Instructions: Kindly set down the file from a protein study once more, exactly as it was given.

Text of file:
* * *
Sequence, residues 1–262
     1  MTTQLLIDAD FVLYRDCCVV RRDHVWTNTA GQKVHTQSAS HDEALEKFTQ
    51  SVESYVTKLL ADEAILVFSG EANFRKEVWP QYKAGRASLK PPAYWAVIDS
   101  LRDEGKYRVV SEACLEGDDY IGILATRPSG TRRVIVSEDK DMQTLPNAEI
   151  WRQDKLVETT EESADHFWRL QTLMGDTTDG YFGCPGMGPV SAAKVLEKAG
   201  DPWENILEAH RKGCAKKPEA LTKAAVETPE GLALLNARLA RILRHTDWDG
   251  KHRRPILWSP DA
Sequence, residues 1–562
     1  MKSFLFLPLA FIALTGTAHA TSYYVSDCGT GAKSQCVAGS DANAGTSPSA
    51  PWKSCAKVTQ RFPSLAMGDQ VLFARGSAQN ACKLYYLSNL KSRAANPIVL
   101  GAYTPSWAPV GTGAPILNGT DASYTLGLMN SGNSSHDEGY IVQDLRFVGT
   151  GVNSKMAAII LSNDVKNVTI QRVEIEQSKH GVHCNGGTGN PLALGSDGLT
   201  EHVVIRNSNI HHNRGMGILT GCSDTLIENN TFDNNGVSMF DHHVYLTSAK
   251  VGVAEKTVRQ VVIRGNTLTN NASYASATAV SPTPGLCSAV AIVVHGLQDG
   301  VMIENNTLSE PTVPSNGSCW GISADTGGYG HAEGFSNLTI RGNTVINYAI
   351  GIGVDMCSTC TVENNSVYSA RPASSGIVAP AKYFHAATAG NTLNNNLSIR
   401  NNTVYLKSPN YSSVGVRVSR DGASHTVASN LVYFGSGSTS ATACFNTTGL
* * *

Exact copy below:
Sequence, residues 1–262
     1  MTTQLLIDAD FVLYRDCCVV RRDHVWTNTA GQKVHTQSAS HDEALEKFTQ
    51  SVESYVTKLL ADEAILVFSG EANFRKEVWP QYKAGRASLK PPAYWAVIDS
   101  LRDEGKYRVV SEACLEGDDY IGILATRPSG TRRVIVSEDK DMQTLPNAEI
   151  WRQDKLVETT EESADHFWRL QTLMGDTTDG YFGCPGMGPV SAAKVLEKAG
   201  DPWENILEAH RKGCAKKPEA LTKAAVETPE GLALLNARLA RILRHTDWDG
   251  KHRRPILWSP DA
Sequence, residues 1–562
     1  MKSFLFLPLA FIALTGTAHA TSYYVSDCGT GAKSQCVAGS DANAGTSPSA
    51  PWKSCAKVTQ RFPSLAMGDQ VLFARGSAQN ACKLYYLSNL KSRAANPIVL
   101  GAYTPSWAPV GTGAPILNGT DASYTLGLMN SGNSSHDEGY IVQDLRFVGT
   151  GVNSKMAAII LSNDVKNVTI QRVEIEQSKH GVHCNGGTGN PLALGSDGLT
   201  EHVVIRNSNI HHNRGMGILT GCSDTLIENN TFDNNGVSMF DHHVYLTSAK
   251  VGVAEKTVRQ VVIRGNTLTN NASYASATAV SPTPGLCSAV AIVVHGLQDG
   301  VMIENNTLSE PTVPSNGSCW GISADTGGYG HAEGFSNLTI RGNTVINYAI
   351  GIGVDMCSTC TVENNSVYSA RPASSGIVAP AKYFHAATAG NTLNNNLSIR
   401  NNTVYLKSPN YSSVGVRVSR DGASHTVASN LVYFGSGSTS ATACFNTTGL